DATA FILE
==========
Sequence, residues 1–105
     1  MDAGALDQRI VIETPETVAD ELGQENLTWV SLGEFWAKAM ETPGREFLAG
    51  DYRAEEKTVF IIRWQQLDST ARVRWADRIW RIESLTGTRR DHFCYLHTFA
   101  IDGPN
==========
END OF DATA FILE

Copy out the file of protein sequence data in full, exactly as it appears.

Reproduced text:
Sequence, residues 1–105
     1  MDAGALDQRI VIETPETVAD ELGQENLTWV SLGEFWAKAM ETPGREFLAG
    51  DYRAEEKTVF IIRWQQLDST ARVRWADRIW RIESLTGTRR DHFCYLHTFA
   101  IDGPN